Crossroads senior web editor Judy Koutsky arrived in Cairo Jan.
29 to begin a two-week adventure in Egypt, sponsored by Wild Women
Adventures. Armed with a laptop and digital camera, she is
sending on-site reports and photographs back to Crossroads' New
Jersey headquarters on a daily basis (or whenever she can get an
Internet connection). Agents who have questions or advice for Judy
during her trip can send email to [email protected]
ASWAN, Egypt -- From Cairo International airport we caught a
flight to Luxor (about 90 minutes), where more than 90% of the
passengers departed before the plane took off for Aswan. Normally
the layover is about 20 minutes, but we had to "change a tire," so
20 minutes became 90 minutes. The flight to Aswan was about 40
minutes. The new airport here was built two months ago, and it is
gorgeous, which is a strange thing to say about an airport, but any
Aswan-bound client dreading a third-world-airport experience will
be delightfully surprised by this facility.
Aswan is where Egyptians go to get some "r and r." Our accommodations here, the Basma
Hotel, is exactly the type of place I had hoped we would stay
during this trip. Landscaped and decorated by two of Egypt's
leading artists, the hotel incorporates beautifully manicured
tropical gardens, an enormous swimming pool with a swim-up bar and
a rich collection of contemporary Egyptian art.
The front foyer is covered with Egyptian murals, and the hotel
restaurant is decorated in a Nubian style. Clients looking for the
luxuries of a five-star hotel but with local flavor and a
small-hotel feel (friendly service, slow-paced patrons) will not be
disappointed here. Visitors are greeted by a Nubian musicians and a
welcome drink upon arrival.
Clients could spend the day relaxing at the resort, or they
could journey to Paradise Island. This is a private island owned by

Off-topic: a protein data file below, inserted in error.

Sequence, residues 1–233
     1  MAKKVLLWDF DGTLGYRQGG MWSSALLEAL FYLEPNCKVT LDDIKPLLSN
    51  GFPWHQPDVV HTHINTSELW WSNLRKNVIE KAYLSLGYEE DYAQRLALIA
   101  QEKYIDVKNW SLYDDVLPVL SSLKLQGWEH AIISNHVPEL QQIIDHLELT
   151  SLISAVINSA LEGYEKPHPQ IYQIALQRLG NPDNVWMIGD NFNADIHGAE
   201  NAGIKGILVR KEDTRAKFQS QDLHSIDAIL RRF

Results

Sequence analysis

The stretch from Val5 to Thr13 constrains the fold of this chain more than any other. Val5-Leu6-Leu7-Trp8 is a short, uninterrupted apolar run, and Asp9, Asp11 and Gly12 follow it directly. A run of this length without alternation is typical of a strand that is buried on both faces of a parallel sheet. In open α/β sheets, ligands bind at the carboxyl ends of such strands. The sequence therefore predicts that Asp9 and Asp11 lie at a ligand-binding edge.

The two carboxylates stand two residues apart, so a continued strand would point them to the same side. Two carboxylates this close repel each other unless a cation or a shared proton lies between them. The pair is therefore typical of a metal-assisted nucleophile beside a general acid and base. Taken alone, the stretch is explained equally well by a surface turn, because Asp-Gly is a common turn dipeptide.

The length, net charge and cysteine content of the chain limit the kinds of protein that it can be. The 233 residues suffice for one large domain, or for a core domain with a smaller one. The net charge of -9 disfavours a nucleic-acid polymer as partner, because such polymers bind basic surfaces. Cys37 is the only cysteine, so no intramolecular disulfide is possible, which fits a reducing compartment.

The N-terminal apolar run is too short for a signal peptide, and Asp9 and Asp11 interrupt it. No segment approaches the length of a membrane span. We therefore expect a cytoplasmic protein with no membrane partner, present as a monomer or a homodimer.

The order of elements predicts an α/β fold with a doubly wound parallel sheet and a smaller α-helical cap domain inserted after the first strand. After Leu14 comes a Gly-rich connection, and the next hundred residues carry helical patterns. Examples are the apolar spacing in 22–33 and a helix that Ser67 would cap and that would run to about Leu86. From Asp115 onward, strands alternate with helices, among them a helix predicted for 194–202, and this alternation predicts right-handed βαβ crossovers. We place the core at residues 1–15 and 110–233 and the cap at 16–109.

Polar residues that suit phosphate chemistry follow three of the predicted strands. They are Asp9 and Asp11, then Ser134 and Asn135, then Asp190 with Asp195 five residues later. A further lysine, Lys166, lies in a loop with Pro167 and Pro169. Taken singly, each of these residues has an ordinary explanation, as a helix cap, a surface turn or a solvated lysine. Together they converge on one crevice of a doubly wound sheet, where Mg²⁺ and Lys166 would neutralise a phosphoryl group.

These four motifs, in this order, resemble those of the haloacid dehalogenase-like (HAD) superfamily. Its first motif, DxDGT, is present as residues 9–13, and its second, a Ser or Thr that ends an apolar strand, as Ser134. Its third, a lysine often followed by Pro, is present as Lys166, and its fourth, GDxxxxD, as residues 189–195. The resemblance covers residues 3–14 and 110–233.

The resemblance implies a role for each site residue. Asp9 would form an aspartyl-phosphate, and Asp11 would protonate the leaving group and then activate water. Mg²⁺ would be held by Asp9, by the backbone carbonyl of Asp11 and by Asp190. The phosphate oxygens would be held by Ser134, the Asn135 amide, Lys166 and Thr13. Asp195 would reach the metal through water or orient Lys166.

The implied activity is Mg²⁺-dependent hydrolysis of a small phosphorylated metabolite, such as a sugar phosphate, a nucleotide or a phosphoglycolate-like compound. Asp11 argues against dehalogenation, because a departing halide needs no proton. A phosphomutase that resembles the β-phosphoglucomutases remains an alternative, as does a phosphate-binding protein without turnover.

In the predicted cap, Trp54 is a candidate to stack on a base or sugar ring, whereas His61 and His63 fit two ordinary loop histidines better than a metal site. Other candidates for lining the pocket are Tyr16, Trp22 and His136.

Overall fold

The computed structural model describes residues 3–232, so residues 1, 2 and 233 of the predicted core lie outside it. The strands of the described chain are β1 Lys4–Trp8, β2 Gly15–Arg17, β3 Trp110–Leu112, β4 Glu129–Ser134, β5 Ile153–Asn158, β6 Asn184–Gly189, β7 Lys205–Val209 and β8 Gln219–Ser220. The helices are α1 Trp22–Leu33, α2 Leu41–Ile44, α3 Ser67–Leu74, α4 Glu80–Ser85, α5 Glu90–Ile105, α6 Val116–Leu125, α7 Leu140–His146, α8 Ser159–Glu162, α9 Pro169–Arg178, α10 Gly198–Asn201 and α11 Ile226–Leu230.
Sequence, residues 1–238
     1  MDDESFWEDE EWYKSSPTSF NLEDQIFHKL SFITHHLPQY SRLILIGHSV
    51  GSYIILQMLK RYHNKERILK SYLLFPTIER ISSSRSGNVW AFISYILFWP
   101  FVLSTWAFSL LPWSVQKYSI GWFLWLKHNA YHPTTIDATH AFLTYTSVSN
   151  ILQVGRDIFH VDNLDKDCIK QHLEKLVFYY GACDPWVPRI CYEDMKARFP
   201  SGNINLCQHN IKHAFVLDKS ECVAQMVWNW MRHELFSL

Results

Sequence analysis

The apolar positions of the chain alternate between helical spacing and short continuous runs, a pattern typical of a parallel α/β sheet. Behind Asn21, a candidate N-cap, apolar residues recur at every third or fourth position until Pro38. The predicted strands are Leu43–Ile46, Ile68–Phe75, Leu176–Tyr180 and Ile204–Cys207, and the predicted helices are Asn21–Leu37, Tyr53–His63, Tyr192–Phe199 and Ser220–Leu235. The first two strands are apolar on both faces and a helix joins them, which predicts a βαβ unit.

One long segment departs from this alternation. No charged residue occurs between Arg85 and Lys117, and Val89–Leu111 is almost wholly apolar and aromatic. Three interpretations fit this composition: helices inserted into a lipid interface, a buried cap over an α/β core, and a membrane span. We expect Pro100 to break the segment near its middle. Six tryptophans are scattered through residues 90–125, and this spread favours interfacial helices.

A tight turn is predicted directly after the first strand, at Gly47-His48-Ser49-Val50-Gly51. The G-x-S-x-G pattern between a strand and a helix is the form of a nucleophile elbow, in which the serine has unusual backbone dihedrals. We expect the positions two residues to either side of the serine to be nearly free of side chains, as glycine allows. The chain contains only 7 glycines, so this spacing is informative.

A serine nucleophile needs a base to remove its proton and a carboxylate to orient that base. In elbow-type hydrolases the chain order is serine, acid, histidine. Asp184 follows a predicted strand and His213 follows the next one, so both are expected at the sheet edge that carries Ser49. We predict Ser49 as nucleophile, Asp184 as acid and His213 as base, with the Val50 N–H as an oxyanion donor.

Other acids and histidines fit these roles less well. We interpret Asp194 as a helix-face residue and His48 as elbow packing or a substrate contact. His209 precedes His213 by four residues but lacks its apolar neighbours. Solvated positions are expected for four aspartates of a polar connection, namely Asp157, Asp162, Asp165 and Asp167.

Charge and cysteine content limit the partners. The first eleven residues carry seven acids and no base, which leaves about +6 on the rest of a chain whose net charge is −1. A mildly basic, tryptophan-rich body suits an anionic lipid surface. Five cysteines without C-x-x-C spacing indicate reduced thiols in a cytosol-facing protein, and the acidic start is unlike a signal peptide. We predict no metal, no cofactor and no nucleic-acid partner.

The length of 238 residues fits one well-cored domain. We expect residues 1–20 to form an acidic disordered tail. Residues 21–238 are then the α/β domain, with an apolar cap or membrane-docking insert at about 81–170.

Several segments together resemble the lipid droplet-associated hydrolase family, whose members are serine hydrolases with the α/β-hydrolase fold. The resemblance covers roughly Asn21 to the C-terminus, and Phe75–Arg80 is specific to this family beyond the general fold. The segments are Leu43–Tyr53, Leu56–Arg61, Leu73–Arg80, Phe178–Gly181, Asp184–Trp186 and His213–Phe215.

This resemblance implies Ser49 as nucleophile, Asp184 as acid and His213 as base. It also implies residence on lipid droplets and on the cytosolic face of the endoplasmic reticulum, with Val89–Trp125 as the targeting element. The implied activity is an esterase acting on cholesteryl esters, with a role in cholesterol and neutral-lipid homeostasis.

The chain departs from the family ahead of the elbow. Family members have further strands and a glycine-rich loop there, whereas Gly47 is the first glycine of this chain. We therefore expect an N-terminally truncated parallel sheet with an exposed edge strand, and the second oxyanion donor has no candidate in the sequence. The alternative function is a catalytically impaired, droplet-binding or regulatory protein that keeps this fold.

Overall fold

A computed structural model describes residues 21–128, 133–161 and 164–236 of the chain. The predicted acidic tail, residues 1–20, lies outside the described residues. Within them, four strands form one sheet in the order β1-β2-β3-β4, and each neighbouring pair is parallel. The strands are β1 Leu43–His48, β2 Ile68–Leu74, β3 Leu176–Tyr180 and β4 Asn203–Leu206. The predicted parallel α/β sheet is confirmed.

the Basma that can be enjoyed only by hotel guests. By taking a
five-minute boat ride, guests can settle into the tranquility of a
desert island. The Nile surrounds the island, the desert surrounds
the Nile, and the stark contrast of the sands reaching out to meet
the river makes a visit here very worthwhile.
We spent the afternoon on the island listening to Nubian music,
eating local barbecue and getting Henna tattoos. The tattoos are
done by a local artist and are available at the hotel daily. They
make great great souvenirs and wash off in about a month.
Nighttime was spent eating a buffet dinner at hotel restaurant
and watching a belly-dancer perform her hypnotizing act. If your
clients are looking to escape from the excessive stimuli of Cairo,
Aswan and the Basma hotel would be a great recommendation.
I spoke with a representative from South Sinai Travel, which is
our tour operator here, and he said very few Americans come to
Aswan. This was evident when we got off our bus and locals
surrounded us, asking to have their picture taken with us.
I believe Aswan provides an opportunity to
explore the diversity of Egypt. Here, the Nubian people -- who have
closer ties to Africa, culturally and socially, unlike Cairo, where
a strong Middle East presence is palatable -- are friendly and
Basma Hotel Aswan: 187 Rooms. Phone (011) 20-9
731-0901. Fax (011) 20-9 731-0907. E-mail: [email protected]
Price: $87 single, $119 double. Conferece room holds up to 150
Wild Women Adventures: 152 Bloomfield Road,
Sebastopol, CA 95472. Phone (800) 992-1322. Fax: (707)